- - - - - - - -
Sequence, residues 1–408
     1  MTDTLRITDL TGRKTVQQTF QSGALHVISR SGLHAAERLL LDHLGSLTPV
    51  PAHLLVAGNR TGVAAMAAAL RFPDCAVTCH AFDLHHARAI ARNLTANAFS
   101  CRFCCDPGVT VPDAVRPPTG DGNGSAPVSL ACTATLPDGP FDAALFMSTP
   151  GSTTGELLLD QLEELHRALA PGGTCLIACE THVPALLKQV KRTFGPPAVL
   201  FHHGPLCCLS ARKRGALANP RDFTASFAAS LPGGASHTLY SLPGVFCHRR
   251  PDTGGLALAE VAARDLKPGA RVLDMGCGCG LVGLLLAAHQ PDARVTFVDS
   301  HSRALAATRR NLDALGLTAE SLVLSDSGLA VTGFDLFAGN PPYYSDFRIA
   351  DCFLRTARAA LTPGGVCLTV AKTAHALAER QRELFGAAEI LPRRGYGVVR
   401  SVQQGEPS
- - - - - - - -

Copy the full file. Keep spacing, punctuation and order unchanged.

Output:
Sequence, residues 1–408
     1  MTDTLRITDL TGRKTVQQTF QSGALHVISR SGLHAAERLL LDHLGSLTPV
    51  PAHLLVAGNR TGVAAMAAAL RFPDCAVTCH AFDLHHARAI ARNLTANAFS
   101  CRFCCDPGVT VPDAVRPPTG DGNGSAPVSL ACTATLPDGP FDAALFMSTP
   151  GSTTGELLLD QLEELHRALA PGGTCLIACE THVPALLKQV KRTFGPPAVL
   201  FHHGPLCCLS ARKRGALANP RDFTASFAAS LPGGASHTLY SLPGVFCHRR
   251  PDTGGLALAE VAARDLKPGA RVLDMGCGCG LVGLLLAAHQ PDARVTFVDS
   301  HSRALAATRR NLDALGLTAE SLVLSDSGLA VTGFDLFAGN PPYYSDFRIA
   351  DCFLRTARAA LTPGGVCLTV AKTAHALAER QRELFGAAEI LPRRGYGVVR
   401  SVQQGEPS